MIAMI (AP) – Nelly Korda keeps asking her parents if she can book their flight to watch her and her sister play in the LPGA’s first major of the year this week. She wants them there. She’s equally thrilled that they’re not there yet. And if they don’t get there at all, that might be even better.
Let’s explain: The Korda sisters – Jessica and Nelly – have already made a name for themselves in golf, and now their younger brother Sebastian is having his breakout week in the tennis world. It’ll make for a very busy Thursday for the family: Jessica and Nelly have the opening round of the ANA Inspiration in California, while Sebastian has the biggest match of his young career in the Miami Open quarterfinals.
The unexpectedly jammed schedule created a Korda conundrum: What are the parents to do?
“Probably they’re going to change their schedule a little bit and hopefully stay with me,” Sebastian Korda said. Sounds like he’s getting his wish. For now, the plan is for Petr Korda and Regina Rajchrtová — both were pro tennis players, Petr once reaching No. 2 in the world and winning the Australian Open, Regina, a top-30 player who represented Czechoslovakia at the 1988 Seoul Olympics — to stay in Miami, and keep an eye on their daughters from afar.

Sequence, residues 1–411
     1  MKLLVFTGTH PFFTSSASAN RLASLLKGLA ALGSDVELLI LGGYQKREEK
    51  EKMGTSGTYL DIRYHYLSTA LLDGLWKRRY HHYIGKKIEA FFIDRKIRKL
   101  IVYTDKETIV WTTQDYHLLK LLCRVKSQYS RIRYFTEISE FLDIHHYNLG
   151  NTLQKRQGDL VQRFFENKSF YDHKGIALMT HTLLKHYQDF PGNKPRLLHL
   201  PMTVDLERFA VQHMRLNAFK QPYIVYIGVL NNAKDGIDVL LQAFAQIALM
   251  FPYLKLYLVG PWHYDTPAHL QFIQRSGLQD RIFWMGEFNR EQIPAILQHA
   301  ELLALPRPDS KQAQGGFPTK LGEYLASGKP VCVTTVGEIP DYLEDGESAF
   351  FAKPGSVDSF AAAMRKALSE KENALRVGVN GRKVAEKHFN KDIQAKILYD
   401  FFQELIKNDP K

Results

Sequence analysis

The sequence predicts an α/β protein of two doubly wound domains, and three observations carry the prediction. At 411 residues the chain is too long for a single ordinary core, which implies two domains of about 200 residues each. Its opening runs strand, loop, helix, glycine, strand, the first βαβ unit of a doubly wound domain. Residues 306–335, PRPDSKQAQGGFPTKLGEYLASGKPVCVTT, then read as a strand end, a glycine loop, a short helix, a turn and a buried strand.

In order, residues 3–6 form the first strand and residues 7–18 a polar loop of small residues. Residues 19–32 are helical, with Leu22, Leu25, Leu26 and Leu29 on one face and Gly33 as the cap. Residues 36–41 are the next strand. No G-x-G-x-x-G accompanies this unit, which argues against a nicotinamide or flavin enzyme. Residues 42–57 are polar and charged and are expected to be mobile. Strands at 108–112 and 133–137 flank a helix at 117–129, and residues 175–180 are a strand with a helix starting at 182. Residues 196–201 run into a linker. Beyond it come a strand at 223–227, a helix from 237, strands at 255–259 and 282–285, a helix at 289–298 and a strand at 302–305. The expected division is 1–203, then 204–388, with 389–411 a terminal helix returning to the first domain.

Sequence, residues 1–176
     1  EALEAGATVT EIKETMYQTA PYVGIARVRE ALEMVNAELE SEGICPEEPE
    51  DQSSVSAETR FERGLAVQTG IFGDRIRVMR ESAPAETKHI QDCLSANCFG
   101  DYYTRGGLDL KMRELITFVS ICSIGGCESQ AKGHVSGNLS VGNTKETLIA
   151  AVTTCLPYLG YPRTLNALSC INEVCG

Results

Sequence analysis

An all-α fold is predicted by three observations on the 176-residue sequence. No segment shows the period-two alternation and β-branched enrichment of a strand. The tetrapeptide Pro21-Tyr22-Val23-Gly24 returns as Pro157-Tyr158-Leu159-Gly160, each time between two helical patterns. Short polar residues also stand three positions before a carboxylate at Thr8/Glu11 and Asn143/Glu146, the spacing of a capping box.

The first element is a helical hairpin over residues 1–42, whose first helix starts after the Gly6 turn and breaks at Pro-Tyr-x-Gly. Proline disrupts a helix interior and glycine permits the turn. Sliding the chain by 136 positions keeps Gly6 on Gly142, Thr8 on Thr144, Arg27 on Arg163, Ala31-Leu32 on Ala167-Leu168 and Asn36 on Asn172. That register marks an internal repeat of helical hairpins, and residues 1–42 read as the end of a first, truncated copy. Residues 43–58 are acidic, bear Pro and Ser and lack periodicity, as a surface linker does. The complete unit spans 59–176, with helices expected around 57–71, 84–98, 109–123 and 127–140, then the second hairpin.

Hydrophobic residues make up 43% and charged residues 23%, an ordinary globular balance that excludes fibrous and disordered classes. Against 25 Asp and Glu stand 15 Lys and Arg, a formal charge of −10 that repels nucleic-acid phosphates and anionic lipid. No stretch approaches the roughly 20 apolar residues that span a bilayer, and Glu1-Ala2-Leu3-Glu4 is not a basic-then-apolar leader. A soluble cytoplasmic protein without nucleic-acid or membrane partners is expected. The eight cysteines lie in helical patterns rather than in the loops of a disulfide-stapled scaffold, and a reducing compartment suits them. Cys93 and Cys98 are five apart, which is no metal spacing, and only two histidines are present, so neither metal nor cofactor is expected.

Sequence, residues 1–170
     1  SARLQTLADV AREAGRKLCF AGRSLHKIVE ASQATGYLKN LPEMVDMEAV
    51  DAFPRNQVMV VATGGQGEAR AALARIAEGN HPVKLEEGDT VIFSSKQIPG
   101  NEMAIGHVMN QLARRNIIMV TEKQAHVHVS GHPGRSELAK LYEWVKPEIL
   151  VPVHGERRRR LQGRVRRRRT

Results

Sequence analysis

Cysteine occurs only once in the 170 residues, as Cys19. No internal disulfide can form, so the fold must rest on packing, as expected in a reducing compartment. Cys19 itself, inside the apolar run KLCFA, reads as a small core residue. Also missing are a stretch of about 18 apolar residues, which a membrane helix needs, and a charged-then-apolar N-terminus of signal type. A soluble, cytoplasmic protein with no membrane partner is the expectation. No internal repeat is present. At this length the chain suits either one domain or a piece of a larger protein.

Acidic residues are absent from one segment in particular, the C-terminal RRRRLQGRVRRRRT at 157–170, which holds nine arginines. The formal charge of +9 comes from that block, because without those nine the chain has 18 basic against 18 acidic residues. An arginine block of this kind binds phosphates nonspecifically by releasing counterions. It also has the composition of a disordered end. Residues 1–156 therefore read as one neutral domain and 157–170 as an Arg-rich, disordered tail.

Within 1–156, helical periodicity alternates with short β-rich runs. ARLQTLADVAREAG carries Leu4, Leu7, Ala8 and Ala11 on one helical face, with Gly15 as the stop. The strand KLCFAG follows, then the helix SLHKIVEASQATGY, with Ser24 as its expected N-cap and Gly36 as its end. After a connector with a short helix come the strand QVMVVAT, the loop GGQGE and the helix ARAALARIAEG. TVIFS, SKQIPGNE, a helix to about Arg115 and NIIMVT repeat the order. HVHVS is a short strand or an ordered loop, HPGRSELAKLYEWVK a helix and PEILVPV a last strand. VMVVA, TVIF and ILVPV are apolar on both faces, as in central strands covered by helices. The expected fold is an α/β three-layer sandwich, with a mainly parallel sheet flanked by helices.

The sisters understand. “He has a perfect run,” Nelly Korda said.
Jessica Korda is 28 and ranked No. 18 in the world; Nelly Korda, 22, is ranked No. 4 in the world. Sebastian Korda is the little brother, at least in terms of age – he’s 20, but at 6-foot-5, he’s certainly not negligible. And his world ranking is getting up there as well; he was No. 224 at this time last year, No. 87 coming into Miami, and is now assured of climbing into the 60s. He could even become the highest-ranked American man next week if he wins the Miami title.
“Student of the game, he’s got size, he can do a lot of things, he has all the shots,” said Frances Tiafoe, one of four American men to make the round of 16 in Miami this week. “I’m a fan of his. He’s a great guy. I want the best for him.” Korda towered over – and squeaked out a three-set win above – No. 5 seed Diego Schwartzman of Argentina in Tuesday’s round of 16 matches in Miami, their height difference most evident when they shook hands when it was over. Schwartzman, listed at 5-foot-7, was highly complimentary after the lone American man left in the Miami draw. “He has perfect timing, good serve, good movements,” Schwartzman said. “He looks like he’s played (on the) ATP Tour since many years ago. He’s doing great.”
In fairness, the family’s schedule rarely aligns. It’s hardly uncommon for the Korda kids to be playing on different continents simultaneously, which means sleep cycles for their parents usually turn into a mess. And the siblings aren’t around each other that often either, but the sisters know they’ll be getting a text – often in all capital letters – from their brother on Thursday with some kind words to help them get through their round.